In comparison to athletes in many other sports, baseball players are immortal. Seriously, they can play forever. That’s not to say that it doesn’t take a lot of skills and athleticism to maintain a professional baseball career over a long period of time, but the fact that baseball players can still be competitive into their 40s is impressive. The longevity of many baseball players means that it can become easy to lose track of some of the oldest players in the league.
Then again, it can be difficult to keep track of active current and former MLB stars in general. When you account for the minor leagues, international organizations, and good old-fashioned “last man in” MLB roster spots, there are plenty of places for professional baseball players to keep doing their thing. Combine all of these factors, and you start to realize that there are many baseball players that don’t really retire so much as they fall out of the spotlight and you eventually forget about them. All over the world, there are names you once knew well still playing baseball. Many of them are actually still on MLB rosters. These are the 15 MLB players you didn’t realize were still playing baseball.
15 Endy Chávez
It took a little bouncing around for Endy Chávez to finally find his way onto a major league roster. He began in his minor league career in 1996 with the Mets and spent four years in their system. In 2000, he was finally claimed by the Kansas City Royals in the 2000 Rule 5 draft. He then proceeded to bounce between the Mets and Royals before finally being activated by the Montreal Expos. Go figure. Once he finally got the chance to play the major, Chávez proved to be a valuable asset. While his most famous play will always be his 2006 NLCS catch, he was a consistent contributor throughout.
14 Ichiro Suzuki
In the hearts of millions, Ichiro Suzuki will always be a Seattle Mariner. Following an astonishing career in Japan, Suzuki finally made his way to America in 2001. Suzuki stole the show almost immediately. He became an international sensation whose play captured the imaginations of fans in Japan and America. Soon, Suzuki became known as a hitting machine who was almost impossible to pitch around. His talent is legendary. Suzuki did eventually leave the Mariners and joined the New York Yankees. His numbers dropped by digits across the board, but he still remained productive.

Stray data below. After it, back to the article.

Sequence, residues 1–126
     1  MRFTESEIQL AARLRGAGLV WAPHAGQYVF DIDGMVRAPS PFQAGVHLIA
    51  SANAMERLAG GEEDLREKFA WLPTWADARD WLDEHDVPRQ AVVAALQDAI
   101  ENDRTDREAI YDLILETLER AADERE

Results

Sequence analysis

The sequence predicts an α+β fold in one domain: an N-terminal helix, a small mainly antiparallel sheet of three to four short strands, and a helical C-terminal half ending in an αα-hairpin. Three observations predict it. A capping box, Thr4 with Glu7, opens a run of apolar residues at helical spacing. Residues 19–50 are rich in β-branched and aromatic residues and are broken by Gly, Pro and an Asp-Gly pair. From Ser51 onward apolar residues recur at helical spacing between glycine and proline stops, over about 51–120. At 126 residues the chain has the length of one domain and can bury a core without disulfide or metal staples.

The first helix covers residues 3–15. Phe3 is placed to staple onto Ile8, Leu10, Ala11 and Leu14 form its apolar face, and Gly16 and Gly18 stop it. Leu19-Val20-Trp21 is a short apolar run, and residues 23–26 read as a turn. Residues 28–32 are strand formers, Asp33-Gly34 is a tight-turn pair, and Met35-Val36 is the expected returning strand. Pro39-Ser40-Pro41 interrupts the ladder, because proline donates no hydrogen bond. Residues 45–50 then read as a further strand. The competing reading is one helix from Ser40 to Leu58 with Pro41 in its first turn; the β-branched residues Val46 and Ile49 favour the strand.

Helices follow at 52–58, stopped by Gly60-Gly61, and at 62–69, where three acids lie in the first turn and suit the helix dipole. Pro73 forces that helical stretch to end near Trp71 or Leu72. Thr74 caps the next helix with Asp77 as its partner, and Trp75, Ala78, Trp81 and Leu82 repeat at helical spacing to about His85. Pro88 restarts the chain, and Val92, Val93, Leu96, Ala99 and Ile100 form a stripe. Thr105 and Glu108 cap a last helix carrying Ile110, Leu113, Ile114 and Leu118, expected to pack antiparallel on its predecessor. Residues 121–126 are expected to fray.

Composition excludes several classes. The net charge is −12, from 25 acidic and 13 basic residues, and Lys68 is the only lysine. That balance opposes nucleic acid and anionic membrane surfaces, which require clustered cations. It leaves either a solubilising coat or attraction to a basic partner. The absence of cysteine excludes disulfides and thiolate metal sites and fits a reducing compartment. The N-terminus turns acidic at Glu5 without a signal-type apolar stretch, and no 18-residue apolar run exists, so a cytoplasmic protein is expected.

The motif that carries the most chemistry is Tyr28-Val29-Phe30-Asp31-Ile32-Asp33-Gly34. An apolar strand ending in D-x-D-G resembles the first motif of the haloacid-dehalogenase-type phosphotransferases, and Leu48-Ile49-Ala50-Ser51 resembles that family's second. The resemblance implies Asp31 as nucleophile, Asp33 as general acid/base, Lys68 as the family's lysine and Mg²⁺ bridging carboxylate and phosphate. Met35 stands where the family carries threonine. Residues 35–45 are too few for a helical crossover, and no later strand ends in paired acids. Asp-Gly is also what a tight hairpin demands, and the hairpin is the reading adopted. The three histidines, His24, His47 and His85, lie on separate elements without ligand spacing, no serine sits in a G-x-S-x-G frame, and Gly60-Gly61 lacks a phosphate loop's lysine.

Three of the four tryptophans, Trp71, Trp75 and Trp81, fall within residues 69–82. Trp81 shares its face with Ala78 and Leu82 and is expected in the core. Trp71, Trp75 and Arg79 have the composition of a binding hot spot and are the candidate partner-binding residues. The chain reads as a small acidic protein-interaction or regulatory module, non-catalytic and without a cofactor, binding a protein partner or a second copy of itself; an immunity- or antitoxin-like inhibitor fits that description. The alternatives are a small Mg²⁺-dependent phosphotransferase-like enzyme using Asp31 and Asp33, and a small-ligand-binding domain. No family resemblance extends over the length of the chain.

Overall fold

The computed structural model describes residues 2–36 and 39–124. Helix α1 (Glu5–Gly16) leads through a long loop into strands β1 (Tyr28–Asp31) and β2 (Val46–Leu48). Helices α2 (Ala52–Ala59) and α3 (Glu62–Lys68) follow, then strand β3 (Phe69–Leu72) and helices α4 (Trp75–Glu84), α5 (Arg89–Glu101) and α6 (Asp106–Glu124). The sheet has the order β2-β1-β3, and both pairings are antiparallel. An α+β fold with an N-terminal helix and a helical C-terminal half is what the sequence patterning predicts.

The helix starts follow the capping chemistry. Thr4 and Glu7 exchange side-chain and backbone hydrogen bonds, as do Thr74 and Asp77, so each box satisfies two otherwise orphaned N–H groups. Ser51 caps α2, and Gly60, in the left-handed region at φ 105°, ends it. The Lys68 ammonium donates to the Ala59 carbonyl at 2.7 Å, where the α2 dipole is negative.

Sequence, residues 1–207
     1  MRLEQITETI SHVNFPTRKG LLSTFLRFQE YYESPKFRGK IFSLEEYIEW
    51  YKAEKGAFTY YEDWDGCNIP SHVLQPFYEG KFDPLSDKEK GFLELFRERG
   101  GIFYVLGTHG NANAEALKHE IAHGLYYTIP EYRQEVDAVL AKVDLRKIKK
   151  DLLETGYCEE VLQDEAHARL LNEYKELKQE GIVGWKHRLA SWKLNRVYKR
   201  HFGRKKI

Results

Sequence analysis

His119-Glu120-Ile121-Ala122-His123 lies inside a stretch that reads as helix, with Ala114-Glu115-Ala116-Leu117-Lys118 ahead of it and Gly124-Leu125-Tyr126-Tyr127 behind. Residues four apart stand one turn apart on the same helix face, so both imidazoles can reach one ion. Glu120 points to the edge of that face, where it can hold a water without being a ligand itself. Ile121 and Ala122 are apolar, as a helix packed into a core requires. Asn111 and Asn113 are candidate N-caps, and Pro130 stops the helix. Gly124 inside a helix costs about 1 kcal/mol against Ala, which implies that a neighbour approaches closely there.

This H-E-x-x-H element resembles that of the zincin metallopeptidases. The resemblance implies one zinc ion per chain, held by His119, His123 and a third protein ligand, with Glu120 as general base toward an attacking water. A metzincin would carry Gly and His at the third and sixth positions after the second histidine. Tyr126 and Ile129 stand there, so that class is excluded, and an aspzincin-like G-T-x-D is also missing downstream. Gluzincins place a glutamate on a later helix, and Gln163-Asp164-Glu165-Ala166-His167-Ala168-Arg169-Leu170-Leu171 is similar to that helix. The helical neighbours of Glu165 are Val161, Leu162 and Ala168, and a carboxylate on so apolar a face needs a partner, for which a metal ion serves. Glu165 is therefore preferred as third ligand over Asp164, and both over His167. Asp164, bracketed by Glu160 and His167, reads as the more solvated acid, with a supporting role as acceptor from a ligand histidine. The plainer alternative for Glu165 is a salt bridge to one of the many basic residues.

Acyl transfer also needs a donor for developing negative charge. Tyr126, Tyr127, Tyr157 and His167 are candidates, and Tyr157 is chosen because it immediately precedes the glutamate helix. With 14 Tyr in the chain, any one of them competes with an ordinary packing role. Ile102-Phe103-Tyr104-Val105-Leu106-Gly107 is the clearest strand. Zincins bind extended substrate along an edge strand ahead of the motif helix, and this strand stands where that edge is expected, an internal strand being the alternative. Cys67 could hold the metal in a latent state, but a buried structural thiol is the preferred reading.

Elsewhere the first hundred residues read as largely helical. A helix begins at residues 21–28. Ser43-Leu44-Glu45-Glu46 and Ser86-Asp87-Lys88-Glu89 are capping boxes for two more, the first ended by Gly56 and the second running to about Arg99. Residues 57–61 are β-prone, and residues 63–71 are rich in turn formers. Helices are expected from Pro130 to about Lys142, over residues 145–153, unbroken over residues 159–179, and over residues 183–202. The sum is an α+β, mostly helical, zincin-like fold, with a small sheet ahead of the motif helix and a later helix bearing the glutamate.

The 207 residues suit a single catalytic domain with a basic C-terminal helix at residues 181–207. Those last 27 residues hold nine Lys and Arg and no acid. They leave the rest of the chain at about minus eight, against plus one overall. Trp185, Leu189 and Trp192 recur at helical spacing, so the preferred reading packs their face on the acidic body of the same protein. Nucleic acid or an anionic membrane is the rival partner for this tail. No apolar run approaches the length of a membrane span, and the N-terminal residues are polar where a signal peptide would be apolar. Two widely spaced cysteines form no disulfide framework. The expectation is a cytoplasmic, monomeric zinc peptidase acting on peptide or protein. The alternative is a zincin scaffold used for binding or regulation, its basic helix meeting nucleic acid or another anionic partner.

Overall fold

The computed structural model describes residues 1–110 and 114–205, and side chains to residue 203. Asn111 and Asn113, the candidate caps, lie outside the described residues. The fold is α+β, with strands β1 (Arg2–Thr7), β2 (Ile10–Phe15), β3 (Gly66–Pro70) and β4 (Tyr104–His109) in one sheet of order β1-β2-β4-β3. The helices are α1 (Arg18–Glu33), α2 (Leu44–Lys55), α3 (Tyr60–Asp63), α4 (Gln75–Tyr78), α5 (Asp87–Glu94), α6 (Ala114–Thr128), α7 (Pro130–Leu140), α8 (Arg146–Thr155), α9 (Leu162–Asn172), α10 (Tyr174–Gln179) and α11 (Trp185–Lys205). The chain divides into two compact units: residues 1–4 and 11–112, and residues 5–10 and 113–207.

13 Matt Bush
12 Bryan Bullington
11 R.A. Dickey
10 Julio Franco
This is definitely a strange one that might technically stretch the definition of active, but it’s too fascinating not to include. Long ago in 1982, Julio Franco began his MLB career by playing in 16 games for the Philadelphia Phillies. This began his first run in the league as well as some of the greatest years in Franco’s considerable career. Soon, however, the MLB strike hit and Franco found himself needing to go to Japan in order to continue playing. Remarkably, he returned to the majors in 2001 as a 43-year-old player.
9 Greg Reynolds
The long history of MLB busts is littered with “where are they now?” stories. What’s amazing about Greg Reynolds’s story is that it feels like he’s been away from baseball forever, when it’s really only been a few years. Reynolds was taken with the second overall pick in the 2006 MLB Draft by the Colorado Rockies. For their investment, the Rockies expected to receive a dominant pitcher that would anchor their rotation for years to come. What they got instead was an injury prone thrower whose natural abilities just never translated into tangible skills. He played for the Rangers and the Reds before MLB teams stopped giving him a chance.
8 Bryan LaHair
If the name Bryan LaHair doesn’t exactly ring a bell, that’s because LaHair’s moment in the sun was fairly fleeting. Selected with the 39th overall pick in the 2002 MLB Draft, LaHair was thought of as a gifted hitter with a world of potential. As a minor league player, he put up impressive numbers that seemed to justify the hype that surrounded LaHair’s arrival. Ultimately, though, LaHair wouldn’t make a professional roster until the Cubs promoted him in 2011. What they found is that LaHair was a better baseball player than most, but not a better baseball player than most who played professionally.
7 A.J. Pierzynski
6 Koji Uehara
5 Daisuke Matsuzaka
4 Jason Grilli
3 Wily Mo Peña
Aside from having the kind of name that just rolls off the tongue, Wily Mo Peña has always been a respected overall player. He got his break in the league sometime in 2003 when the Cincinnati Reds discovered that he was a pretty great substitute for Ken Griffey Jr. whenever Jr. was going through one of his bouts with injury. Soon, however, they traded him to the Boston Red Sox where Peña continued to contribute in a supporting role. From there, Peña began the journeyman part of his career as teams picked him up whenever they needed a veteran batter.
2 Bartolo Colón
1 Manny Ramirez
Manny being Manny. It’s the phrase that Red Sox fans and MLB fans across the world got used to hearing quite often during Manny Ramirez’s prime. It was a phrase that spoke to everything good about Ramirez’s reign as one of the league’s premiere hitters and the bad moments that came along with it. For every big play that Ramirez generated, he generated an equal amount of discontent and disgrace. As a member of the Boston Red Sox, Ramirez helped generate the numbers and the attitude needed to regenerate the Boston baseball franchise. Shortly after leaving Boston, though, Ram Ramirez’s exploits began to outweigh his contributions. A memorable stint with the Dodgers proceeded a forgettable tenure with the White Sox and Rays. When it was all said and done, Ramirez abandoned his MLB comeback attempts and favored a stint in Japan. In 2017, he declared himself a member of the Kochi Fighting Dogs.
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